Bald Butte Trail is a 8.8 mile lightly trafficked out and back trail located near Mount Hood, OR that features beautiful wild flowers and is rated as moderate. The trail offers a number of activity options and is accessible year-round. Dogs are also able to use this trail but must be kept on leash.
dogs on leash
It's featured in Matt Reeder's "Off the Beaten Trail: 50 fantastic unknown hikes in NW Oregon and SW Washington" and has truly unique views of Mt. Hood. Great in the Spring, and if you're looking to do it in January you should pack some snowshoes. There's some great info here: http://www.portlandhikersfieldguide.org/wiki/Bald_Butte_Hike
good place for a hike run, more signs would be great. good views
awesome view of Mt hood, rainier, adams and St helens
This trail doesn't have the jaw-dropping wildflower splendor of a place like Dog Mountain. But it also doesn't have the sketchy footing or masses of humanity racing to its summit. We saw only three other hikers on this trail from the trailhead, although we did pass a few who parked within a half mile or so of the summit and hiked up that way. And we saw maybe 15 mountain bikers. So we mostly had the trail to ourselves, which was really nice.
Lots of wildflowers to see. We saw at least 40 different varieties, including some annual favorites and some brand-new ones we haven't seen before. We saw a couple of rough-skinned newts, some lizards and quite a few butterflies who wouldn't pose for me. As we neared the summit, we saw troubling signs of vehicles and ATVs that have driven to this summit, despite it being illegal to do so.
The mileage and elevation gain are off a bit on this listing, though. My gps recorded 8.7 miles and 2,640 feet of elevation gain. Definitely bring trekking poles, as they will help on the sketchy and rocky footing on the final push to the summit (especially on the way back down).
I can't believe I made it. The 2 hour time line is deceiving for going up and back!!??. It probably is Ok if your running or for people that are in great shape.
if your just starting out it will take shot 6 hours. The first half mile is a breezy, after that it's strenuous for another 2 1/2 miles up through the switchbacks and upper trail, to a great view of Mt Hood looking over the cliffs.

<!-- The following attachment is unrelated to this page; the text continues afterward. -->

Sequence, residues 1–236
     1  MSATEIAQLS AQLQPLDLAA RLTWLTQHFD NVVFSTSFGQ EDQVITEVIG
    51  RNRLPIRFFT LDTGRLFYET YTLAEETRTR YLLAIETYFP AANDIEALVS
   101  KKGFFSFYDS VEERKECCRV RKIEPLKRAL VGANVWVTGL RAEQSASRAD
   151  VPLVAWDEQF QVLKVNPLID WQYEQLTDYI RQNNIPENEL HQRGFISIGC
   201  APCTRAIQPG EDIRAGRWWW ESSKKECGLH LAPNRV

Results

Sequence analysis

The next 1/2 mile is relatively flat to the power lines. The last 1/2 hour is uphill again. You to a area which looks like you reached the top, but keep going through the woods and you'll get to a steep hill with loose rocks to the summit. Watch your self back down the hill from the summit.. I fell twice.
Good luck and take lots of water. I took 1.5 liters in my Camelback and used it all.
The last more is better
The good of this hike far outweighs the bad.
So, you're sick of The Gorge and have done every Gorge hike imaginable. Dog, Devil's, Defiance: you're done 'em all. Twice. You're down in Hood River drinking at Pfreim after coming (directly) from Double Mountain, and you need to burn off that triple IPA you just downed. What to do? Head up highway 35 a bit and you're at the Oak Ridge trailhead, which'll take you on a nice hike with a little gain up to Bald Butte. On a late spring day the wildflowers are terrific and the views of hood are spectacular.
It's unique. You'll have to deal with powerline clearcuts, crossing several logging roads, and from time to time you'll see mountain bikers. But before you decide to do Angel's Rest for the seventh time, Bald Butte has some redeeming qualities:
1. Climbing up the steep switchbacks through fields of spring grasses peppered with oak trees is very unique--I've never seen a bio-zone quite like that in oregon. 2. The views of Hood are very different from those you're used to.
3. The wildflowers were breathtaking in late may, reminiscent of Dog Mountain.
4. It's not Dog Mountain. Seriously--do you *really* want to do Dog Mountain? Again??
I enjoyed it thoroughly. It'll put a little burn in your legs, but nothing too extreme. The trail is well-kept. Fat Aunt Margaret can make it if she takes her time, and Me-Maw and Pop-Pops are golden if they bring their trekking poles. The trail is even and for the most part well-kept. Check the maps, links, and pics I attached if you want a little more info.
It's not The Gorge and it's not quite Hood: this one is something different.